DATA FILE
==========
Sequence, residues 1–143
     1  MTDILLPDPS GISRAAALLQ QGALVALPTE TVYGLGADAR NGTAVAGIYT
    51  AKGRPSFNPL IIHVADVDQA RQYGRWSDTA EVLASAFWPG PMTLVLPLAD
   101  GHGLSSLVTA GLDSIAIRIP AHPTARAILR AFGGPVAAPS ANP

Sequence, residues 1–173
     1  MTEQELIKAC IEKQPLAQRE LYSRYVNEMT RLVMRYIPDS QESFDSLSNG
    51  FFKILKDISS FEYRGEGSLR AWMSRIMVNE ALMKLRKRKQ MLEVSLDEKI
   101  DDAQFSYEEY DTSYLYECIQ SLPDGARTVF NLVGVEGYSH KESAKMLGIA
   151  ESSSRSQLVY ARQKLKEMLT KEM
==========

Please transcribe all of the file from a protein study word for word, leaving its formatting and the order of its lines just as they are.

Sequence, residues 1–143
     1  MTDILLPDPS GISRAAALLQ QGALVALPTE TVYGLGADAR NGTAVAGIYT
    51  AKGRPSFNPL IIHVADVDQA RQYGRWSDTA EVLASAFWPG PMTLVLPLAD
   101  GHGLSSLVTA GLDSIAIRIP AHPTARAILR AFGGPVAAPS ANP

Sequence, residues 1–173
     1  MTEQELIKAC IEKQPLAQRE LYSRYVNEMT RLVMRYIPDS QESFDSLSNG
    51  FFKILKDISS FEYRGEGSLR AWMSRIMVNE ALMKLRKRKQ MLEVSLDEKI
   101  DDAQFSYEEY DTSYLYECIQ SLPDGARTVF NLVGVEGYSH KESAKMLGIA
   151  ESSSRSQLVY ARQKLKEMLT KEM